I want to create a culture of transparency in Keller ISD.
I want to protect students by
curbing politicization of curriculum.
I want to improve collaboration between
parents, students and teachers.
I want to restore the focus on academic excellence.
I'd like to share my thoughts, in my own words, about a hot button topic in our district and around the nation- books.
Sexually-explicit instructional materials have no place in classrooms or school libraries. The fundamental role of a trustee is to advocate for the education and well-being of students. Sexualizing students is antithetical to this role because sexual-explicit content is harmful to children and undermines the education process. Those seeking leadership positions in our schools who don’t understand this, or worse make excuses for it, have no business making decisions for our children. I understand this issue for what it is, and as a trustee, I will fight to protect your children from being sexualized.
I fully support creating spaces for multiple perspectives, I truly do. However, what I do not support is the idea that certain groups of students, or those who have experienced trauma, can only be reached using instructional materials rooted in graphic depictions of sex, rape, and incest. That mindset is wrong and those who support this point of view, or fail to call it out, do not have the best interests of our children in mind.
I take issue with those who tell the public nothing can be done because of first amendment rights or Supreme Court precedents. At best those individuals are uninformed and at worst they are not telling the truth. Either scenario is dangerous, because the book issue at its core is a child safety issue. Schools boards have complete and full discretion to regulate instructional materials in our schools. In fact, the Texas Association of School Boards came out in November of 2021 and said so in a FAQ document distributed to school boards across the state (see below).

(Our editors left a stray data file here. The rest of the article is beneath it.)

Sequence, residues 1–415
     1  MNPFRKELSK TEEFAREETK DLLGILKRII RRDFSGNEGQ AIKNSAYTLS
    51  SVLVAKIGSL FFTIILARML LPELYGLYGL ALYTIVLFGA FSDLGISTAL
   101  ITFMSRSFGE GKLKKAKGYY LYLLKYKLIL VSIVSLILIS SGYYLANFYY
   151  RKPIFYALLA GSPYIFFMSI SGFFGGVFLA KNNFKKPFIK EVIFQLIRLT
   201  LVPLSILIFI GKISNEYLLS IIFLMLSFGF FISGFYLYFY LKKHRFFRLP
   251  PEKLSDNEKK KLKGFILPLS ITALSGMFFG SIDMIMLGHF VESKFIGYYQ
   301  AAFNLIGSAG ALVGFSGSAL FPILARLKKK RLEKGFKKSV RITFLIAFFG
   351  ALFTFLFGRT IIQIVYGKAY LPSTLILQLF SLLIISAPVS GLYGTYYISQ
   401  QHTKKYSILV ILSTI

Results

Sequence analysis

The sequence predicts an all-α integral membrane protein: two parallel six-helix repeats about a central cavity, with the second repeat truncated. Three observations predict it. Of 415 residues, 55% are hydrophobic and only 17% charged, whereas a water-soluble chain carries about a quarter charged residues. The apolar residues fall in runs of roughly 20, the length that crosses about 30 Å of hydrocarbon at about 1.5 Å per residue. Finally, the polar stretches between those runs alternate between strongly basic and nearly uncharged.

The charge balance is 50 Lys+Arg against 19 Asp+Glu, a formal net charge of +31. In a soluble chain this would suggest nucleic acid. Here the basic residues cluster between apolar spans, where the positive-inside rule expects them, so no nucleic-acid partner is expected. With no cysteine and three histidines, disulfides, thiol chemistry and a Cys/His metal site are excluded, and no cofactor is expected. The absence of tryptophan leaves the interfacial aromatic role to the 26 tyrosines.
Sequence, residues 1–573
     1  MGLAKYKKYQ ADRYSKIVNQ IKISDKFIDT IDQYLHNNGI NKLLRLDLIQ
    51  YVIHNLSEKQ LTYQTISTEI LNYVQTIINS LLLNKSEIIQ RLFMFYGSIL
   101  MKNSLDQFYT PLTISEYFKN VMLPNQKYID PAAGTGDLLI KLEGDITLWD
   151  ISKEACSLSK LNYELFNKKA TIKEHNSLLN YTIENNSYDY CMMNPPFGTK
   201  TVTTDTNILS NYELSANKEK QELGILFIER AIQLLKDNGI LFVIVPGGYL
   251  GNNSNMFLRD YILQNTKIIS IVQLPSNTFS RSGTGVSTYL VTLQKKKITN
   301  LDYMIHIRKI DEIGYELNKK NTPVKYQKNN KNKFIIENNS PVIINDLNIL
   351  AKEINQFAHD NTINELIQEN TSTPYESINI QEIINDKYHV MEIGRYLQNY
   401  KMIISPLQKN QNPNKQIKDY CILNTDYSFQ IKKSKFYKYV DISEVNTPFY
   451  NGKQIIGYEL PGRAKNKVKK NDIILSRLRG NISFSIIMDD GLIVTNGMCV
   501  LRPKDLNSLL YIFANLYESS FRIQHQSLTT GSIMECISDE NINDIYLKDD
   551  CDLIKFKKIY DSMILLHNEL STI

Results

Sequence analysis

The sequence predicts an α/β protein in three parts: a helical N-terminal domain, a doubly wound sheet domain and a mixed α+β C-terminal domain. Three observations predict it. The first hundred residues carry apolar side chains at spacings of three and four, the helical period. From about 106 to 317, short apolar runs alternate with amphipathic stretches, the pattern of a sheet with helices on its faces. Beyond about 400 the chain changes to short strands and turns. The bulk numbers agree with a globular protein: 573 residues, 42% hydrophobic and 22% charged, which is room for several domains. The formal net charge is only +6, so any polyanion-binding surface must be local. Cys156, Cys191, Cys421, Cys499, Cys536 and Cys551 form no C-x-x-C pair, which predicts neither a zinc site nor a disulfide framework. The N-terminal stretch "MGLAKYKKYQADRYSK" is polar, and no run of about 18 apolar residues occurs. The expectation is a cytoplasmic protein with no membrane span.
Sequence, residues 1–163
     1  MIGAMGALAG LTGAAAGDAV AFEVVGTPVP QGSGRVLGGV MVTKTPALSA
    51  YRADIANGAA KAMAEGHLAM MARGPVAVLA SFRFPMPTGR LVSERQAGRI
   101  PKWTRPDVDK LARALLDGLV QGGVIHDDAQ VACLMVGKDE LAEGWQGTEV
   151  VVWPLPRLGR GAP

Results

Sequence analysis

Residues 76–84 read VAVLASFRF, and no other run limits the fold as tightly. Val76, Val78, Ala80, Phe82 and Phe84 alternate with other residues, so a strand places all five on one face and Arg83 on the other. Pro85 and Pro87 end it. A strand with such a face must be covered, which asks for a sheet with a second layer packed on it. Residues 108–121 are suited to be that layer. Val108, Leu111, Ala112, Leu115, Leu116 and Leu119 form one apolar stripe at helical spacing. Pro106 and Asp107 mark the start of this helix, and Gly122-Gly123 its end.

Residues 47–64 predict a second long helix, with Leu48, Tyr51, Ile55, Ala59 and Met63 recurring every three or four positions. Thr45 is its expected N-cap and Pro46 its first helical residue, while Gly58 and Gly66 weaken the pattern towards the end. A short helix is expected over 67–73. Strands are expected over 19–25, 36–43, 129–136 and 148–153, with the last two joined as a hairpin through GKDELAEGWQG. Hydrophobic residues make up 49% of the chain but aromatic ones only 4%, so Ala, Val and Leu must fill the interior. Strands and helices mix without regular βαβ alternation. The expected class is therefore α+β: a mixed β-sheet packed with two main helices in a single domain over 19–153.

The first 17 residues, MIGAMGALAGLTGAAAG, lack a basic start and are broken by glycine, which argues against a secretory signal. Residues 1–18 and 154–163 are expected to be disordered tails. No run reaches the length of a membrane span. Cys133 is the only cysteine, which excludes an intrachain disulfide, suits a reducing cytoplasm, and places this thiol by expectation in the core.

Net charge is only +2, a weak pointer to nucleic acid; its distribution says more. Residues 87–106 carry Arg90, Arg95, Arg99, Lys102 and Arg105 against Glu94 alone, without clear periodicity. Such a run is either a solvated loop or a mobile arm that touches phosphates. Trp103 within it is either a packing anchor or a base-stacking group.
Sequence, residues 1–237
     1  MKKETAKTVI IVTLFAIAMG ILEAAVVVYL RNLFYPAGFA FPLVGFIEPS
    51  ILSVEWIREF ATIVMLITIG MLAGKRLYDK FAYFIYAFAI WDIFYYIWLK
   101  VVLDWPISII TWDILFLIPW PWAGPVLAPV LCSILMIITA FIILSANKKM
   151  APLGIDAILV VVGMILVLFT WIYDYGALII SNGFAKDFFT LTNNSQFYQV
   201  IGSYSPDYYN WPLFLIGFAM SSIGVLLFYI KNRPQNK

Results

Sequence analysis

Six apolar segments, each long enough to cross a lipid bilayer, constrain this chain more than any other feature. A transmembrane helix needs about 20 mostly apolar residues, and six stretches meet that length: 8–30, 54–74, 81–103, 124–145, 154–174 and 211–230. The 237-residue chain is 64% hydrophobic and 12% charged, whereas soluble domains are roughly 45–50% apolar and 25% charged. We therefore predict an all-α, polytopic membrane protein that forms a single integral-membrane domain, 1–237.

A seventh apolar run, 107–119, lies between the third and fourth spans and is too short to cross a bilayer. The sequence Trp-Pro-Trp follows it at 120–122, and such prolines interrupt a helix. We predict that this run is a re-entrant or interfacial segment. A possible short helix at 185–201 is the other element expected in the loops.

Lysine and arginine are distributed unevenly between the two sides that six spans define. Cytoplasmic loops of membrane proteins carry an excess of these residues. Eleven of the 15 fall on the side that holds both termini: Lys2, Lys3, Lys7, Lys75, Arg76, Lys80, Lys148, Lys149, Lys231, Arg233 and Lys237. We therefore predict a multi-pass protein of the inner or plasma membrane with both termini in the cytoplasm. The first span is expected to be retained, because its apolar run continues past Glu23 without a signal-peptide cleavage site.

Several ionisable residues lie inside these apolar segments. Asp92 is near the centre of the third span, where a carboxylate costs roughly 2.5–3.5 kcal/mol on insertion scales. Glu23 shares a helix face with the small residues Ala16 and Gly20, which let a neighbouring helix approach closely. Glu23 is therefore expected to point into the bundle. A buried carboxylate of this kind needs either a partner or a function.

Our district has made effort to remove sexually-explicit content from our schools. Unfortunately, it did so by initially requiring parents to sign non-disclosure agreements to participate in challenge committees. This was wrong. The district continues to restrict public access by holding these meetings in private, limits the number of parents who can participate, and has failed to establish objective and apolitical criteria to identify sexually-explicit content. All of these things are wrong, and we can do better, and we need to do better, because this is a child safety issue.
To date, 100% of the books that have gone through the challenge process are back in the hands of students. I have read these books and they are obscene, gratuitous, and sexually-explicit. Parents were even instructed to not read passages or show images from them in our school board meetings because children were in attendance. If our leaders are concerned about child safety, then how did this happen? This happened because we don’t have processes in place to protect kids and we lack leaders with the courage to see these issues and fix them.
I am a concerned mom that cares about your kiddos the same way I care about mine and will fight to protect them from being sexualized. I will work hard with parents and teachers on day 1 to fix this issue, not patronize them by saying this can be fixed by simply opting-out or dismissing their concerns by saying they are being fearful and emotional. Are folks upset? Absolutely and rightfully so, because distributing sexually-explicit content crosses the line and pretending it doesn’t is unacceptable.
While I have many priorities I want to focus on, if concerns over child safety, and sexualization and politicization of children make me a one-issue candidate, so be it. I will be a one-issue candidate all day long.